By Rob Ollikainen
Peninsula Daily News
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“It was kind of like a groundbreaking, only for electronic health information, you don’t get shovels out,” Chief Executive Officer Eric Lewis told commissioners Wednesday.
“But is was a very nice kickoff to the project.”
The public hospital district is now committed to the $9 million implementation of a digital patient-records system called Epic.
More than two years in the making, the project is one of the main reasons why OMC inked an affiliation agreement with Swedish Medical Center a year ago this month.
“I think we are off and running,” Lewis said.
“This will be the major focus for the first nine months. We’re going to go live in May, but still, there’s going to be a lot of work after we go live.”
Lewis added: “This will be the No. 1 project, and we’re not going to do much else because this is so important that we get this right.”
Once the Epic system is up and running, a specialist in the Seattle area will have immediate access to an OMC patient’s medical charts and prescription history.
The Swedish network and its affiliated Providence Health and Services already are using the same Epic system that OMC will implement.
About 80 percent of hospitals along the Interstate 5 corridor between Everett and Centralia are using Epic or planning to switch.
OMC officials have said the uniform medical-records system will improve the accuracy of diagnoses and make health care more efficient and convenient by reducing the need for patients to travel to Seattle.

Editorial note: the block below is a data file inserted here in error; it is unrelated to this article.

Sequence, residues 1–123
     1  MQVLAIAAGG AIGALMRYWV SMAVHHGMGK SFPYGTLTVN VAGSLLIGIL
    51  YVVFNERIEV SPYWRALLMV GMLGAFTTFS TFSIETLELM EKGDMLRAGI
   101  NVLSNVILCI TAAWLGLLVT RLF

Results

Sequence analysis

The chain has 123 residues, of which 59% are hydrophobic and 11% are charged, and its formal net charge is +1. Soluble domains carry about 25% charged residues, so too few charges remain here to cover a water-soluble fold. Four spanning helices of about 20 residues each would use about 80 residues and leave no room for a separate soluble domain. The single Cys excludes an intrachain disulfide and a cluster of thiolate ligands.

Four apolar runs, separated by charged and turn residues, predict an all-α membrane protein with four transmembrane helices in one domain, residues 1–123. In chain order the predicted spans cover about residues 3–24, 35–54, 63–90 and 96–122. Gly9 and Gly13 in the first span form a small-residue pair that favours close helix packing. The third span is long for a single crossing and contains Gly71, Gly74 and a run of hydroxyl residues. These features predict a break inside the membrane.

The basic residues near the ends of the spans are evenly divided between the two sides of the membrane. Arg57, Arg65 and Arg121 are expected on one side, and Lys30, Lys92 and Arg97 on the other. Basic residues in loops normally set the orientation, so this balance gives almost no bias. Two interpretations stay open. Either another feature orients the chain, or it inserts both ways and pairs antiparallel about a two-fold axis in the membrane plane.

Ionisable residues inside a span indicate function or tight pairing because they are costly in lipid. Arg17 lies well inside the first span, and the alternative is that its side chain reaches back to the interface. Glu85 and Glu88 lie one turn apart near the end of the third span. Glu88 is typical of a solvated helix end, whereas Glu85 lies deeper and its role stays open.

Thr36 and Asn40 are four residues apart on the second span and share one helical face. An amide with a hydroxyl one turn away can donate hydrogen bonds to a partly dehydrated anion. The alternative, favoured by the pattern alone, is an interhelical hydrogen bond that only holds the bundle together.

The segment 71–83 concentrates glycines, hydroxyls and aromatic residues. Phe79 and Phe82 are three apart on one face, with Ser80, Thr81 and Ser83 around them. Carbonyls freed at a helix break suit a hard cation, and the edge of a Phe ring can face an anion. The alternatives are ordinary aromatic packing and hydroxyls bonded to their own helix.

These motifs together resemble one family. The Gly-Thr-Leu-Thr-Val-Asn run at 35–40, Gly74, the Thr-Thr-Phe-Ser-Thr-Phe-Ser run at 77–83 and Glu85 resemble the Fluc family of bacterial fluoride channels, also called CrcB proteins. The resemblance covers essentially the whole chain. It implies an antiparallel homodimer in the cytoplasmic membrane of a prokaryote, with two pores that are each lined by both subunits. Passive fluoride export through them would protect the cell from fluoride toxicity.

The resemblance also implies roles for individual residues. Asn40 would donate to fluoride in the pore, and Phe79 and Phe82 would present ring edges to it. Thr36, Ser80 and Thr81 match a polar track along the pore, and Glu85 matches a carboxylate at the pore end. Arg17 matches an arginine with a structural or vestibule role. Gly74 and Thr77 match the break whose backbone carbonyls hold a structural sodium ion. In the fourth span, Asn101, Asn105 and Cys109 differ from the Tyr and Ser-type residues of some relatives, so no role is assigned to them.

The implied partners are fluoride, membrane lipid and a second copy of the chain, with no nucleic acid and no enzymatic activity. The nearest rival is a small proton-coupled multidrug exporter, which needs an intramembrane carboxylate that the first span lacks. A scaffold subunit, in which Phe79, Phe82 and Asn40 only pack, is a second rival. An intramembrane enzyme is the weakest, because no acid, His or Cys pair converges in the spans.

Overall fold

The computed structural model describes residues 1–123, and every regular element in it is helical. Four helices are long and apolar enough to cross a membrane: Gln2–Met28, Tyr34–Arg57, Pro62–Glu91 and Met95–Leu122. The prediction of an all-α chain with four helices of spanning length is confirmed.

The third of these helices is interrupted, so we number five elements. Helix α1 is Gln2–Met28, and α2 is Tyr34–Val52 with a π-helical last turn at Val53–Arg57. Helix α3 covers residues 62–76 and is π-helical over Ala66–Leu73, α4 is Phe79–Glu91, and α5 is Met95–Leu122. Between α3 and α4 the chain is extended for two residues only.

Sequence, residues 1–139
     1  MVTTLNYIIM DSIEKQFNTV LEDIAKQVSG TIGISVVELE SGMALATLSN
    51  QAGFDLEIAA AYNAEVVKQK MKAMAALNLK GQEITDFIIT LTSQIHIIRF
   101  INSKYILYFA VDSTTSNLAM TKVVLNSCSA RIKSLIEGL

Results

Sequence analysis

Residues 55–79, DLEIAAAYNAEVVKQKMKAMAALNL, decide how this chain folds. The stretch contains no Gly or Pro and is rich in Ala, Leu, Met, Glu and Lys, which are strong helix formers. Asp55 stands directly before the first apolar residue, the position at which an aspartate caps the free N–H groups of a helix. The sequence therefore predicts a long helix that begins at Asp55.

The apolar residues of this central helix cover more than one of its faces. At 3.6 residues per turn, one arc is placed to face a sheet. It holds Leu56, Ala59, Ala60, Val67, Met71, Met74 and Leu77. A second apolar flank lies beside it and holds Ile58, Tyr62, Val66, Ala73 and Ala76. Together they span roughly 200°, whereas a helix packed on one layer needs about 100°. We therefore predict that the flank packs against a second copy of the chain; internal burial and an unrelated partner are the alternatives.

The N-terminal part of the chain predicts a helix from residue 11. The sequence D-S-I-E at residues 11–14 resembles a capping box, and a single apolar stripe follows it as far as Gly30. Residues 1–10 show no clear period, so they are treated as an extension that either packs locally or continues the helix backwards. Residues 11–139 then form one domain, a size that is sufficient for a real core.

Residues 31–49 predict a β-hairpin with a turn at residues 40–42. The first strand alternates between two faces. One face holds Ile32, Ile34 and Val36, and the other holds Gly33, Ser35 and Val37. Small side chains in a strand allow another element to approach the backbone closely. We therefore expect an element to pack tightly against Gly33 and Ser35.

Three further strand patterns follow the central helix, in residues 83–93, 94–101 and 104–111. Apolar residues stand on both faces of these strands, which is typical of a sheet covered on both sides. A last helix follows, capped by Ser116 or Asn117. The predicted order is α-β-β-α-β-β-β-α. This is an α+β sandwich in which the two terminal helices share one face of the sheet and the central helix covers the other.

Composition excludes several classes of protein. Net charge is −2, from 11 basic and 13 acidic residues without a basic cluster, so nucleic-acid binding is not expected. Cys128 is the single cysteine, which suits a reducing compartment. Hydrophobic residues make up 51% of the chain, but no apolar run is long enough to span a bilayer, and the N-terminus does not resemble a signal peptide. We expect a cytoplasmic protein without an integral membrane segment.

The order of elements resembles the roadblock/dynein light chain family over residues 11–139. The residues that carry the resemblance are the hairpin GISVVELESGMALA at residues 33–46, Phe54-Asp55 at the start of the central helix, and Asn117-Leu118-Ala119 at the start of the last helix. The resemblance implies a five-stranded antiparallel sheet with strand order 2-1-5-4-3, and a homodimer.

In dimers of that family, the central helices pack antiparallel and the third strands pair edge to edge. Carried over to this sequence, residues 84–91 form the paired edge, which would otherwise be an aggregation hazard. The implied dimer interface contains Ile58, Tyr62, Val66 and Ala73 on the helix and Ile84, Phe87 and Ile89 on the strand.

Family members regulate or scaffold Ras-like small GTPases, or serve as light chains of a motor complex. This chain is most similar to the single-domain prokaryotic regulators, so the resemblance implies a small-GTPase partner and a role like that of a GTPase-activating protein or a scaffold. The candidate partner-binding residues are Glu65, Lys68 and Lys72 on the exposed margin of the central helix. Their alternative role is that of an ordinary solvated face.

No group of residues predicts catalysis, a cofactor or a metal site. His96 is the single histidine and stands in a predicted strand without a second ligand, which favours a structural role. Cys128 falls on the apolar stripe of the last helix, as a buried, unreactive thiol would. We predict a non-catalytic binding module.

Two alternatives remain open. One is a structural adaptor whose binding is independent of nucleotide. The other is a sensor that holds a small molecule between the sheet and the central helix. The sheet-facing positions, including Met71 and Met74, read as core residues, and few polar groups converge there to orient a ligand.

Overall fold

The Port Angeles hospital and its various clinics currently are using five computer systems for health records, each of which has its own interface.
If OMC achieves a “meaningful use” of a certified system like Epic by July 1, it will be eligible for $7.2 million in financial incentives, mostly from Medicare, over the next four years.
Lewis announced Wednesday that OMC just received the first payment: a $325,000 check from Medicaid for signing an agreement with Providence to provide Epic on Sept. 5.
“We’ve got about $7 million to go,” Lewis told the seven commissioners.
“We’re watching the meaningful-use dollars pretty closely.”
If OMC eschewed digital records, Medicare would cut its reimbursement by 1 percent in 2015, 2 percent in 2016 and 3 percent in 2017.
Each of OMC’s 1,100 employees will be trained on Epic in one form or another.
“Providence has a great training program,” Lewis said.
“We’re going to train every employee. Most of the training happens 60 days before we go live, and it’s really intense.”
About 100 “superusers” on the OMC staff will help train their co-workers.
Lewis also announced that Deby King, director of diagnostic imaging, has agreed to be OMC’s Epic project manager for the next year.
She will work closely with an Epic “steering committee” comprising hospital department heads, Lewis and Commissioner Jim Cammack, and a smaller health records “lead team” that will handle most of the day-to-day work.
Reporter Rob Ollikainen can be reached at 360-452-2345, ext. 5072, or at firstname.lastname@example.org.